Series: Black Dagger Brotherhood, Book 2
Rating: 4 Stars
Length: 441 Pages
Formats: Mass Market Paperback, Kindle
Rhage, Rhage Against the Dying of the Light
He's the brother with the biggest monkey on his back. Or...you know...raging, slavering monster. Whichever.
Cursed by the Scribe Virgin to bear the beast for 200 years, the brother Rhage is forced to keep himself level or risk transforming into eight feet of teeth, claws, and mindless slaughter. He uses sex, lots and lots of sex, and fighting to keep himself even-keeled as he counts down the days until he's free. The best of the Brotherhood at hand-to-hand combat and as good looking as a fallen angel, his brothers envy his way with the ladies even as they respect his mad skills and fear his beast of burden.
No one, not even those he calls brothers, have the first clue that with each shallow, meaningless coupling, each flash of the beast, his soul is dying by degrees, leaving him teetering on the brink of despair and starved for the peace of genuine emotional connection. Then one night, as he lurches through the underground hallways, nearly blind from a recent transformation, he hears a sweet, dulcet-toned voice and feels a wave of calm the likes of which he hasn't felt since well before the night he was cursed.
He has to find the woman who has that voice, woo her, and keep her forever.
Full human Mary Luce, a warrior in her own right, though her battles are waged on a different battlefield, doesn't understand why her friend and neighbor Bella would hook her up on a blind date with someone as stunningly gorgeous as Hal, and she sure doesn't trust the man when he ignores every gorgeous woman blatantly throwing themselves at him. She's well aware of her physical limitations.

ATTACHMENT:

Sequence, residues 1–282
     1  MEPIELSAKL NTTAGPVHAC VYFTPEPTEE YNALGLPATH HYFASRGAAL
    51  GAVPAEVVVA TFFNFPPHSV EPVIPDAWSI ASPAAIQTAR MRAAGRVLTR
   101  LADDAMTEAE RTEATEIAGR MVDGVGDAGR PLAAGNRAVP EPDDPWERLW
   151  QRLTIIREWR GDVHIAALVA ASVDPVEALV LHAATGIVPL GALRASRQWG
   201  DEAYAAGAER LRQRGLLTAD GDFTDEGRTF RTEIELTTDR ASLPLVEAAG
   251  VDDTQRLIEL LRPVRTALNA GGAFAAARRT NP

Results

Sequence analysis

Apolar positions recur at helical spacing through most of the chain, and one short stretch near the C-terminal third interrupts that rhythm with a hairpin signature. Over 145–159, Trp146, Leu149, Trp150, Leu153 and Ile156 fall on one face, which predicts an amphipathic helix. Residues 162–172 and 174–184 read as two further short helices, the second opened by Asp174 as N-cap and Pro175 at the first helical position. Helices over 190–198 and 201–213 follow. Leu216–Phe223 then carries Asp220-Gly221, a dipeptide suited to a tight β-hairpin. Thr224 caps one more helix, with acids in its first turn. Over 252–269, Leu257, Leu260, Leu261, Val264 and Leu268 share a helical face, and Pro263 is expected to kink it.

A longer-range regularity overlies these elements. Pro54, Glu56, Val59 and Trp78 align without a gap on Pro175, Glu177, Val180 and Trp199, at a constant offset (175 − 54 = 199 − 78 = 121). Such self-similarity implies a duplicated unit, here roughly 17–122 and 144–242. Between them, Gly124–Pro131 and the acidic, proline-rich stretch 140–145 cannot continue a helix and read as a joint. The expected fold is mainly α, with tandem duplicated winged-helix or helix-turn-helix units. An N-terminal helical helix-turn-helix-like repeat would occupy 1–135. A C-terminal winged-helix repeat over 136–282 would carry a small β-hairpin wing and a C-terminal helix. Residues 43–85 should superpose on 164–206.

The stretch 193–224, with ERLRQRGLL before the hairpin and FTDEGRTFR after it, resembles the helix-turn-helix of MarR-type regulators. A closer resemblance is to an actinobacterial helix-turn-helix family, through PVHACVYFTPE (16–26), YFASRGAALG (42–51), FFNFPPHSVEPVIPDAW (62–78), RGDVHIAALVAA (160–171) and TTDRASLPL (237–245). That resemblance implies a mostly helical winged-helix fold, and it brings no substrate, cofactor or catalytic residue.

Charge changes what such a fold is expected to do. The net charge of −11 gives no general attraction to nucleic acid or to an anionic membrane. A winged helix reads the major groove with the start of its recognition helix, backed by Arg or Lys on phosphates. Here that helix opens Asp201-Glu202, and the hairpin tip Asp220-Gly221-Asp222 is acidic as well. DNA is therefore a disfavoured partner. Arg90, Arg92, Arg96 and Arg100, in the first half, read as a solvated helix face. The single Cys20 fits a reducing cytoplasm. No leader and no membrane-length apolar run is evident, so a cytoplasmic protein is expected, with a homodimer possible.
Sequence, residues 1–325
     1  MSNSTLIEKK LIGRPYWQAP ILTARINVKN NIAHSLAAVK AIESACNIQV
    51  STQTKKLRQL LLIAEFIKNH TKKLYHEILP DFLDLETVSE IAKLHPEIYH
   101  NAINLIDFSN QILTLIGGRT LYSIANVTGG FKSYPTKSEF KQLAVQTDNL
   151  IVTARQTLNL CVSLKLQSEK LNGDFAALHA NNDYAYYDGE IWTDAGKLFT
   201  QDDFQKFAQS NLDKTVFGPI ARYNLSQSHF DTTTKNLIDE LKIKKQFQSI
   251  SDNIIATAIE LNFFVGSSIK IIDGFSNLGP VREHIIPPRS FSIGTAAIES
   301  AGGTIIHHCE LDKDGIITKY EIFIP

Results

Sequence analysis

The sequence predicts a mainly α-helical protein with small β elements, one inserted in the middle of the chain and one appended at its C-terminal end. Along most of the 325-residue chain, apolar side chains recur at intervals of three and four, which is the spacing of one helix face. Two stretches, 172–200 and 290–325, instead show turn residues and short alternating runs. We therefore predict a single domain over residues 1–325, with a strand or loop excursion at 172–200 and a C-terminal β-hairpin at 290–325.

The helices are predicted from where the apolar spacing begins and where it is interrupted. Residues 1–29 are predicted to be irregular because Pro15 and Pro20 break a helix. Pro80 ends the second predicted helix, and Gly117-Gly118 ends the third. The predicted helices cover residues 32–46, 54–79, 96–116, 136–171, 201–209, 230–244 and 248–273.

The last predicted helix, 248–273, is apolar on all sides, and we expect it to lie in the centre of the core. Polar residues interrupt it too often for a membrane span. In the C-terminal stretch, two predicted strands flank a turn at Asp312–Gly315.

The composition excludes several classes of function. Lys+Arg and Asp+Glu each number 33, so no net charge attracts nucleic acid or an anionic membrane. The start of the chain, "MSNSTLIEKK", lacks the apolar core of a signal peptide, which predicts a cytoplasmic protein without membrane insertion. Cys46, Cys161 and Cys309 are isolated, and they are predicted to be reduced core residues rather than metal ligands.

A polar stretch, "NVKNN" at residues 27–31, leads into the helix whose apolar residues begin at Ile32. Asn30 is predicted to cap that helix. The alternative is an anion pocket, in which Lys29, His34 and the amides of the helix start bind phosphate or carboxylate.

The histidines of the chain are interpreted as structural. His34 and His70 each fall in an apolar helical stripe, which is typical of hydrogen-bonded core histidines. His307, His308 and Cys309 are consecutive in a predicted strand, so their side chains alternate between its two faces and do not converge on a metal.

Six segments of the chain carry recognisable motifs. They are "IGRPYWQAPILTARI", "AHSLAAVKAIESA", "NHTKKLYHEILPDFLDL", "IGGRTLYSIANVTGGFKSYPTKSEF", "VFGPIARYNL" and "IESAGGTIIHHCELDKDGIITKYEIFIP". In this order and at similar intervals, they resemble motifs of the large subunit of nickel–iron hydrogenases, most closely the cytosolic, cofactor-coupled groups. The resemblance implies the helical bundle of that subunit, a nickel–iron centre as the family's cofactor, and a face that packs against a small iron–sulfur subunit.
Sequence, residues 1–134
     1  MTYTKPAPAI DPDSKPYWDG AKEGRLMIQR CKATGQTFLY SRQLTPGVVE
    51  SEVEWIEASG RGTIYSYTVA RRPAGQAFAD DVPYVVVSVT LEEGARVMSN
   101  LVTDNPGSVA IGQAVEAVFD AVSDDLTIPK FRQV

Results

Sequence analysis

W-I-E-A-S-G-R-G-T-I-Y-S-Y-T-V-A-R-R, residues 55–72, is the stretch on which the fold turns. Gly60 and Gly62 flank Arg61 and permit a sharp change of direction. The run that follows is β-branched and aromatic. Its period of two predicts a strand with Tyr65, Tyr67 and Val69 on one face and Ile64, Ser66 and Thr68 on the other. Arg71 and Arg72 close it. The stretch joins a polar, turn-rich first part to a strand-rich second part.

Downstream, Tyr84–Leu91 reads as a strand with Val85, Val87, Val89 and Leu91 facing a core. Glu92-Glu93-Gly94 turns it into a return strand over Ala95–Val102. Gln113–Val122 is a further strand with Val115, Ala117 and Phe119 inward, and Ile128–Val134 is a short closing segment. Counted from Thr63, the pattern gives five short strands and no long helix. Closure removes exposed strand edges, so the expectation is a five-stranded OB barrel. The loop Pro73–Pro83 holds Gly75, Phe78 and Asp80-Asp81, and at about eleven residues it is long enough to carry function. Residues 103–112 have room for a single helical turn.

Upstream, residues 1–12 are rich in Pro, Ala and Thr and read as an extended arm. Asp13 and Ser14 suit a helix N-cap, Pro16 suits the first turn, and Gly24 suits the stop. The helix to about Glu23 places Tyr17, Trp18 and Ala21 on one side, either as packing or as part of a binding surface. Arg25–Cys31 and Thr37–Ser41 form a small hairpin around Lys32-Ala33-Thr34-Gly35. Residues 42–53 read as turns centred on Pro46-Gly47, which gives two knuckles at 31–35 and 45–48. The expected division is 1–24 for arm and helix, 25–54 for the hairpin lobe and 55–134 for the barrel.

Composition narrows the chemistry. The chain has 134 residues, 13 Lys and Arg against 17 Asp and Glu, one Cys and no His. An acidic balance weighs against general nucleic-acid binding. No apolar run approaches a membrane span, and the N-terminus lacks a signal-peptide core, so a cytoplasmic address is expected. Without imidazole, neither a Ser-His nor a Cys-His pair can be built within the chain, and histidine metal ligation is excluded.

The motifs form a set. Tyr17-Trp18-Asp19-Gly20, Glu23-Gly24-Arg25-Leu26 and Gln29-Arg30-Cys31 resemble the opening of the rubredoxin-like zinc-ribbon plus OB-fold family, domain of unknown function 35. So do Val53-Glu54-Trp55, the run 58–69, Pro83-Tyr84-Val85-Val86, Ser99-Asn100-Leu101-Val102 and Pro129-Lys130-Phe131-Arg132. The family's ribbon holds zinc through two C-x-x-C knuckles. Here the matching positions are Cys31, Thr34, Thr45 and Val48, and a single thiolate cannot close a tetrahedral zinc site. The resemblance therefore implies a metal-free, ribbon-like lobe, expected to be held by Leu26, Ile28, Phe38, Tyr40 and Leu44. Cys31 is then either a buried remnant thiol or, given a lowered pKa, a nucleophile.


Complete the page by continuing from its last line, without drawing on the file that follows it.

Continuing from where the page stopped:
And his showing up at her house, well, that's just weird. So she does everything she can think of to push him away, until a surprise attack from lessers puts her life in danger and pulls her into a world of vampires and warriors. But it sure can't be any more deadly than the specter of the big C that is stalking her. And as a vampire is bonding to her despite her best intentions and she feels herself falling for him, devastating news puts a chilling end date to their relationship.
The second book in the Black Dagger Brotherhood series sparks a plethora of plot threads and introduces us to characters that are destined to become series favorites. The world is fleshed out more, we spend some more time with the Scribe Virgin (now I'm sure I don't like her), get a closer look at some of those nasty, baby powder-smelling lessers, and once again enjoy a balanced blend of urban fantasy and paranormal romance. In that regard, Lover Eternal was just as fully satisfying at the first book in the series.
But I noticed some things that got on my nerves a little in this one, so I stopped to wonder why. I realized that as much as I liked Rhage, he was a little slow on the uptake about his beast's reaction to Mary, and you'd think the brothers would've thought up a better way (or any at all, really) of dealing with his curse after over a hundred years of it. And on a personal level, I loathed something Rhage did after he'd moved Mary into his room at the Brotherhood, but was even more disturbed by Mary's reaction to it. And speaking of...
I wasn't as fond of Mary as I was of Rhage, and couldn't seem to warm up to her until well into the book when she finally started letting Rhage in a little. From the moment she had a little face-to-face with beastie boy, she totally won me over, but there was a lot of book before that and some of the parts that included her were a bit of a struggle.
By the way, what's the deal with the Omega? I could've sworn there was a better explanation or more of an imposing presence from him from my memories of the first time through the first two books of the series. This time around, though, he seems more like a faceless, anonymous bully than the force of all evil against the vampires. And I totally don't get why he hasn't recruited a much larger and more competent army.
To be fair, the lessers really aren't the driving force for my admiration of this book or the series, and they certainly aren't the reason I read either. The Brothers are. And their females. And their world. And the layered, blended, intricate plots. So far, really, so good. With the second book of the series done and the third (hint: my favorite) just inches from my grasp, we're just getting started. Hop on for the ride.